Feds' New Cybersecurity Push, from a Risk Managment POV

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Embedding Sound Risk Management Practices into an Organization

Core principles for risk management adoption within an organization.

In information technology, it's next to impossible to separate the disciplines of data/network security and risk management, at least on the planning level.

Aside from massive power failures or just plain dumb software, the greatest IT risk most companies face is a security breach. Managing this effectively has to start with a cost-benefit analysis of how likely a security breach might be, how damaging the reality of a breach would be, and how much it will cost to consistently mitigate against it - and that's the soul of risk management.

A piece at Gov Info Security puts a risk management focus on the latest wave of proposed federal cybersecurity legislation coming before the Congress.


The post focuses on an interview with Andy Purdy, a cybersecurity strategist and veteran of the Bush administration, who positions the Obama administration's desire to gathering data and best-practices ideas from big corporations as a kind of risk-assessment tool. If the government can't monitor for risk, how can it possibly take an effective risk-management approach to securing the nation's computing systems?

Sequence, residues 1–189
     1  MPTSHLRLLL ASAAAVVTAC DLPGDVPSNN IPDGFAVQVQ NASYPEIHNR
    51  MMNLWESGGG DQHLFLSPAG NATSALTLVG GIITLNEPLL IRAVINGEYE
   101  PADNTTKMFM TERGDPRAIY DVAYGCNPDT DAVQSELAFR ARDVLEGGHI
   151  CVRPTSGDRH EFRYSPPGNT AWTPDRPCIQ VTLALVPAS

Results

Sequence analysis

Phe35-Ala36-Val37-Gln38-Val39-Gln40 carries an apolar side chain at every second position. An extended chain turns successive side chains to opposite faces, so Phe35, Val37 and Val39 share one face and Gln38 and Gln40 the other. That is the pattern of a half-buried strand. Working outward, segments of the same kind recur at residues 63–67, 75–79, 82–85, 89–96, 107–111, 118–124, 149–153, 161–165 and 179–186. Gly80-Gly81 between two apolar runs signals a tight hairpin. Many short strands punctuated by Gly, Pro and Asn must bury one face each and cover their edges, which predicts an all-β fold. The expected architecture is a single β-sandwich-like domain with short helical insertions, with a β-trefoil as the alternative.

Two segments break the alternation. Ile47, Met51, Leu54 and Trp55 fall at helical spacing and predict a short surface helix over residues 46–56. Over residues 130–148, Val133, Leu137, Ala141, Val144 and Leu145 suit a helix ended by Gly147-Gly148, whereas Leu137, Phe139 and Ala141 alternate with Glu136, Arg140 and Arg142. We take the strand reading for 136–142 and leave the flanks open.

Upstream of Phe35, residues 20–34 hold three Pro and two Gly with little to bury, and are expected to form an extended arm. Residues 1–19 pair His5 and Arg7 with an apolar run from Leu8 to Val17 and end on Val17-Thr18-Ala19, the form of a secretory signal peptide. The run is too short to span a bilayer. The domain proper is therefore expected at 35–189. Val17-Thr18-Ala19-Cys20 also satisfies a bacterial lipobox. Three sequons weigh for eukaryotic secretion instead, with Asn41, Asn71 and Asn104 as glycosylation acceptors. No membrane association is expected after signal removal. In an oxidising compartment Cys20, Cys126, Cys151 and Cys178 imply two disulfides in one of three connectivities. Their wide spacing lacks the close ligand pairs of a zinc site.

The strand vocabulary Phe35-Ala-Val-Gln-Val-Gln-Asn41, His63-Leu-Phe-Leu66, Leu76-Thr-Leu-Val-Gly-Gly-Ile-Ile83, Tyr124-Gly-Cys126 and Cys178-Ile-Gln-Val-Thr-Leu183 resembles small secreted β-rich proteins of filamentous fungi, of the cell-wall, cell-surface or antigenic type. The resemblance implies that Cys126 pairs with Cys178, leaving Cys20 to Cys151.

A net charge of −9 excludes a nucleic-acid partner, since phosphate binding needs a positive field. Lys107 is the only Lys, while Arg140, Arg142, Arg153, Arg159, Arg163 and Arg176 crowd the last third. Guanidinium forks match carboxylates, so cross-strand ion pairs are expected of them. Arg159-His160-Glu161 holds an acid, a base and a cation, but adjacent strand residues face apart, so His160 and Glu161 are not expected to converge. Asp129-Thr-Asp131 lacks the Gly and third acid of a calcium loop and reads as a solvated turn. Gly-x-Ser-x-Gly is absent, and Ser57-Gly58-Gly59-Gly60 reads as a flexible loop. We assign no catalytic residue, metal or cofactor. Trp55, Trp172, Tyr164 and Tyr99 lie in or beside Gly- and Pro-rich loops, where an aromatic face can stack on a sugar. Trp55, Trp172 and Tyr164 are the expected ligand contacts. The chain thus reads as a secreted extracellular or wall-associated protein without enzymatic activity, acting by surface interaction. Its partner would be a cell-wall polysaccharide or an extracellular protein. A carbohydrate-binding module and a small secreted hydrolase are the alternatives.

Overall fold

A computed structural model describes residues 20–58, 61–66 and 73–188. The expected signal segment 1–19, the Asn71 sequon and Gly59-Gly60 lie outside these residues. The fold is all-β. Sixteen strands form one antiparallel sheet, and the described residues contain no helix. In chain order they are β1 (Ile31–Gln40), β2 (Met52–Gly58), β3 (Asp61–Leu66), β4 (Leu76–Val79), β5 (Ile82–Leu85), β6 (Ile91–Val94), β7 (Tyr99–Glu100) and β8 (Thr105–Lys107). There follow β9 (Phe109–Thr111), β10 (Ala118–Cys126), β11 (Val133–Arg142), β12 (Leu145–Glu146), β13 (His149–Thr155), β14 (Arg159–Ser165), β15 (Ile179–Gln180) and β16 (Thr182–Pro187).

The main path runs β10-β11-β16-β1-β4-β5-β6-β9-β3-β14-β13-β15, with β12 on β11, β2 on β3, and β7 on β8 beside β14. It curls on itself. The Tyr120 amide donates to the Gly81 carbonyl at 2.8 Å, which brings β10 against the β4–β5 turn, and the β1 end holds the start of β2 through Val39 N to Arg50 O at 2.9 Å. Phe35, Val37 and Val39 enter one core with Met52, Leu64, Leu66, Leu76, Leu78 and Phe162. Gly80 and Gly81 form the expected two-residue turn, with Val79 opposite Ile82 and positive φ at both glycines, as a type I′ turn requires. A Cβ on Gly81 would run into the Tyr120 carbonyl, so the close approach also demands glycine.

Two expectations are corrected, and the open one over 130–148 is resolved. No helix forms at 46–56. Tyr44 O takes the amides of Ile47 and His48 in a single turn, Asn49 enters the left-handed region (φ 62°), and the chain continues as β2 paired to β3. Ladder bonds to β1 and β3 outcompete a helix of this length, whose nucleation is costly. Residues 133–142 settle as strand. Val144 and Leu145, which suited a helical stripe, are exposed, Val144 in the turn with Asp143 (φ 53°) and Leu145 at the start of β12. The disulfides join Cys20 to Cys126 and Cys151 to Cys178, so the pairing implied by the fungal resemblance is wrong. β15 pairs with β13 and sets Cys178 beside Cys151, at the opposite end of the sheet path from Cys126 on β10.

Perhaps it's not surprising then that, as our own Sue Marquette Poremba reports, a lot of IT folks who opposed the controversial Stop Online Piracy Act (SOPA) are seemingly pretty OK with the fed's latest foray into cyber-legislation. From a technical risk-management perspective, it makes a lot of sense. (As Sue notes, it may also ease the liability burden on companies for turning over personal date to the government, but that's another conversation - mostly.)

The Gov Info Security piece also makes this interesting point in favor of the feds assuming the role as the risk management office of critical national infrastructure:

The mostly private owners of the critical IT infrastructure have a legal obligation to safeguard their investors' interests, but those fiduciary goals could be in conflict with the nation's need to assure the flow of electricity or water or money. Risk management involves weighing costs versus benefits, and the benefits to a shareholder may not be the same as the benefits to a citizen.

Such conflicts of interest can be found in even small businesses, and speak equally to the need for central risk management. Sales has its numbers to meet, and lowering barriers to importing as many leads as possible won't seem like much of a risk in their world. IT and legal, however, want those gateways to the network locked up seven ways to Sunday.

Wherever risk management lives in the organization, it needs to have a complete view of the system and all the costs and benefits that determine acceptable risk. When setting IT security strategy, that may well mean folks other than IT should be crunching those numbers.

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